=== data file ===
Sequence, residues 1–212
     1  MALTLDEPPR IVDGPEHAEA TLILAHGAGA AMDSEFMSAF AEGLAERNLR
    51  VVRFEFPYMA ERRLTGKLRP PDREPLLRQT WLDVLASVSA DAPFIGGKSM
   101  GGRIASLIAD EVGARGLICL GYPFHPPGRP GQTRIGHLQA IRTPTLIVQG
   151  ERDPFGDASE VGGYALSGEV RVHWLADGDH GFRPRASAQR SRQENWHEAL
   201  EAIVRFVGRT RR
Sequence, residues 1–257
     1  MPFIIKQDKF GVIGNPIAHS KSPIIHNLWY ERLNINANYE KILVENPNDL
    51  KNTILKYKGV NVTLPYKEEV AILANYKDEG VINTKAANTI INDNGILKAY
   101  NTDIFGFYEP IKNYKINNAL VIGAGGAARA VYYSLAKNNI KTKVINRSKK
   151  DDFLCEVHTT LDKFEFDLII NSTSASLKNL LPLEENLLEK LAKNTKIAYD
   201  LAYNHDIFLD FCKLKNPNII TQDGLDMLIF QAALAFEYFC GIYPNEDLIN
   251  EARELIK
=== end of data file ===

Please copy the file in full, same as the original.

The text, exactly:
Sequence, residues 1–212
     1  MALTLDEPPR IVDGPEHAEA TLILAHGAGA AMDSEFMSAF AEGLAERNLR
    51  VVRFEFPYMA ERRLTGKLRP PDREPLLRQT WLDVLASVSA DAPFIGGKSM
   101  GGRIASLIAD EVGARGLICL GYPFHPPGRP GQTRIGHLQA IRTPTLIVQG
   151  ERDPFGDASE VGGYALSGEV RVHWLADGDH GFRPRASAQR SRQENWHEAL
   201  EAIVRFVGRT RR
Sequence, residues 1–257
     1  MPFIIKQDKF GVIGNPIAHS KSPIIHNLWY ERLNINANYE KILVENPNDL
    51  KNTILKYKGV NVTLPYKEEV AILANYKDEG VINTKAANTI INDNGILKAY
   101  NTDIFGFYEP IKNYKINNAL VIGAGGAARA VYYSLAKNNI KTKVINRSKK
   151  DDFLCEVHTT LDKFEFDLII NSTSASLKNL LPLEENLLEK LAKNTKIAYD
   201  LAYNHDIFLD FCKLKNPNII TQDGLDMLIF QAALAFEYFC GIYPNEDLIN
   251  EARELIK